New research published in the Journal of Obstetrics & Gynecology shows that teens who are under the age of 15 and who become pregnant are almost three times more likely to be Hispanic rather than non-Hispanic whites. Not only are these teens having children, but they’re having them with much older sexual partners.
Researchers suggest that the girls who become pregnant prior to the age of 15 are more likely to be in a relationship where the power is unequal. The teens involved in the study had much older lovers, typically at least six years older than they were.
The findings from this most recent study go along with previous data on Latina teen pregnancy. Latinas and African American teens have seen little drop in pregnancy numbers over the last decade, while statistics for non-Hispanic whites have been declining. Not only are the numbers for Latina teens holding steady, they are more likely than other girls to have multiple teen births.
Overall, Latinas are more than twice as likely to have a teenage birth–under the age of 15 or otherwise–compared to non-Hispanic whites.
Much of this disparity has been attributed to a lack of knowledge and accessibility regarding contraceptives among the Hispanic community, though cultural beliefs about large families may play a role. As the research into this area grows, however, more and more information is coming to light about why Latinas may be more likely than other teens to become pregnant.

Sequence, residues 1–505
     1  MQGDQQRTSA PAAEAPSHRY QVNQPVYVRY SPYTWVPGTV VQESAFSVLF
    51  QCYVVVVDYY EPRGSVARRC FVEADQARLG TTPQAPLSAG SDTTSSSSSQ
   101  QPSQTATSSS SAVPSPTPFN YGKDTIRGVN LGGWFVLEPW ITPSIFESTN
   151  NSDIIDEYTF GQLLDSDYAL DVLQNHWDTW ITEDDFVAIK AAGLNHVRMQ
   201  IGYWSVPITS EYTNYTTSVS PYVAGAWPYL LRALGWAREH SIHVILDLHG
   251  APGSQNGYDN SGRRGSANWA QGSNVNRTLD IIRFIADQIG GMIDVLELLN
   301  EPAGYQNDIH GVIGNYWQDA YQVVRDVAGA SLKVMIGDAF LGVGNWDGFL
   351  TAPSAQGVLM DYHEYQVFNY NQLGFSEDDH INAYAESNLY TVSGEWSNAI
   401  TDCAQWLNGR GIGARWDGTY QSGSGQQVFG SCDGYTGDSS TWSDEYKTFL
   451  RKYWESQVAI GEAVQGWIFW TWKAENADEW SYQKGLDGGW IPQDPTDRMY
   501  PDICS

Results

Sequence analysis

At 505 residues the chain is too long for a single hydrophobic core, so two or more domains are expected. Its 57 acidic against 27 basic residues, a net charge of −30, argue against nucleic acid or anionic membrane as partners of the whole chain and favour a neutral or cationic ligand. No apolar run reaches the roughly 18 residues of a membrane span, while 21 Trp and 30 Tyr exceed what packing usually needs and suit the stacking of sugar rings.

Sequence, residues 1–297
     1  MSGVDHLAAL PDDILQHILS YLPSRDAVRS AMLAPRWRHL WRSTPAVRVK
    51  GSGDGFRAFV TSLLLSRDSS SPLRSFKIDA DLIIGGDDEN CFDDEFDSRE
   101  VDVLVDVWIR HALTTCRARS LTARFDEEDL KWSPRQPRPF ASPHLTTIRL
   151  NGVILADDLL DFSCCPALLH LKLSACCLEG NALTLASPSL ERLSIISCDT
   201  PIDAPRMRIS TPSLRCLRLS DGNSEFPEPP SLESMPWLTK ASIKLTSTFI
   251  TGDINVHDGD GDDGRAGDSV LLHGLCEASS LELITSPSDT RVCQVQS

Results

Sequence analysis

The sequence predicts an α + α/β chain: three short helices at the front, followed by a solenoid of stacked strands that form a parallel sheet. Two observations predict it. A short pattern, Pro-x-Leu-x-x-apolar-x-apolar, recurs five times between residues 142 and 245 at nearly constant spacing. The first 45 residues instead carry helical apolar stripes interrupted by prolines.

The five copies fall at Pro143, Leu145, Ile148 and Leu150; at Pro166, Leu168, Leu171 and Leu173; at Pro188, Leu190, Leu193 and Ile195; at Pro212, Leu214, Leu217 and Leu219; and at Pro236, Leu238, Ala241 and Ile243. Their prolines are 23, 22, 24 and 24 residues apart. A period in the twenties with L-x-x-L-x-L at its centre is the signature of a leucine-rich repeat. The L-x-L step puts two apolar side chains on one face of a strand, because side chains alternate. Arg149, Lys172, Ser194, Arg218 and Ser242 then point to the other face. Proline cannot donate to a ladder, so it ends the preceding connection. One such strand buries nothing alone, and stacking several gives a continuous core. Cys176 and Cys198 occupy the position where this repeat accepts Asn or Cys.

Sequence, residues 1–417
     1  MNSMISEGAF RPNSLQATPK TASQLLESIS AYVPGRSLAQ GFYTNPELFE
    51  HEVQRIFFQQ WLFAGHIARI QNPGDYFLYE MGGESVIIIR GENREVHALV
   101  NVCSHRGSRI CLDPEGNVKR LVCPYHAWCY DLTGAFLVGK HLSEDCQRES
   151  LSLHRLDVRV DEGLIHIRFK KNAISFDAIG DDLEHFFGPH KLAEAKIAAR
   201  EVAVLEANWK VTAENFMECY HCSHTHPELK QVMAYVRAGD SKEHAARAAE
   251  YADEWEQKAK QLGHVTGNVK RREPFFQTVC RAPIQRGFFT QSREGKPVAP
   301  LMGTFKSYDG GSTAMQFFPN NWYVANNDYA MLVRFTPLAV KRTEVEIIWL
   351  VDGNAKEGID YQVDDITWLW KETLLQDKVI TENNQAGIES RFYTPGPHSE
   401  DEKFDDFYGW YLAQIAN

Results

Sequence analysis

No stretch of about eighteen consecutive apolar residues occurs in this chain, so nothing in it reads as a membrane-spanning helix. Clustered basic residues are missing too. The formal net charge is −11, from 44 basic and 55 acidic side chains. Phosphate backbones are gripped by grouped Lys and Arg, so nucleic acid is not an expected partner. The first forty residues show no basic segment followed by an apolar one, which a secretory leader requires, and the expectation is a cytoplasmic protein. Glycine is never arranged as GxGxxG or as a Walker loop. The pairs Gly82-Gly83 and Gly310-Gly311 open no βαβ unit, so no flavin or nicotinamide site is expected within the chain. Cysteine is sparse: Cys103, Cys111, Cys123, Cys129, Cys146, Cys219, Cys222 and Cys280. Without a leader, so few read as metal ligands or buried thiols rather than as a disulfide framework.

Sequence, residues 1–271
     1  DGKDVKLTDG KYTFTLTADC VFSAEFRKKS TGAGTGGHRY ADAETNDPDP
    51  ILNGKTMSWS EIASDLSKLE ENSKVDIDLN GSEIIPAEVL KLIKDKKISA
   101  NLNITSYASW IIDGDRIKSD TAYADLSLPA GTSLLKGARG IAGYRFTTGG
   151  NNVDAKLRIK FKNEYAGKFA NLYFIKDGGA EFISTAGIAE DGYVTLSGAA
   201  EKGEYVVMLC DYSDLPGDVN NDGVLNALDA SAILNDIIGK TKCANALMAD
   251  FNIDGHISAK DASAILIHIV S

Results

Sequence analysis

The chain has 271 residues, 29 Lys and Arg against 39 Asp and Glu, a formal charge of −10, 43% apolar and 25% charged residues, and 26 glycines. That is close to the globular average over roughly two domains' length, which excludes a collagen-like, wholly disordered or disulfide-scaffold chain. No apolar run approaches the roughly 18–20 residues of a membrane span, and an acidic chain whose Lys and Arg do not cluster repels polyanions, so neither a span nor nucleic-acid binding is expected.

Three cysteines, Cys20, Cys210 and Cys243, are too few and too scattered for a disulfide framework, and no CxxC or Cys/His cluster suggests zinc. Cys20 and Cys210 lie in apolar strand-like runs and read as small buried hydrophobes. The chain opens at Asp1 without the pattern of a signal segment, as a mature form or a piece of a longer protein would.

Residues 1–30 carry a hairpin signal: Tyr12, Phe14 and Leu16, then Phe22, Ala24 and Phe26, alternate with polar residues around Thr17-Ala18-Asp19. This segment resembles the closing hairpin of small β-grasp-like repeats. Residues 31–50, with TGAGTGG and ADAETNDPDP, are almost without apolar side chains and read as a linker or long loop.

A recent study, for example, published in the journal Pediatrics, indicated teen pregnancy was higher among girls with severe mental illness. While no specific conclusions by researchers were drawn between those findings and the rate of Latina teen pregnancy, Latina teens are considered a high-risk group when it comes to conditions like depression and thoughts of suicide.
Since I was raised in a largely Hispanic community in New Jersey, I can say that I’ve seen this first hand. In 9th grade, I had a Dominican friend who thought it was something to brag about to have a 20 year old boyfriend. I not only found it odd, but also disgusting that her parents approved of it, because he had a job and took “care” of her. Although they’re still together to this day, it still doesn’t excuse the fact that he was still a minor when he was involved with her. By the time she was in her junior year of high school, she was on baby number two.
The researchers behind the study hope that medical professionals can form outreach to help the Latina demographic and lower the number of teen pregnancies.
“Understanding risk factors for pregnancy before age 15 years may help clinicians address the social, family planning, and reproductive health needs of this population,” the study stated.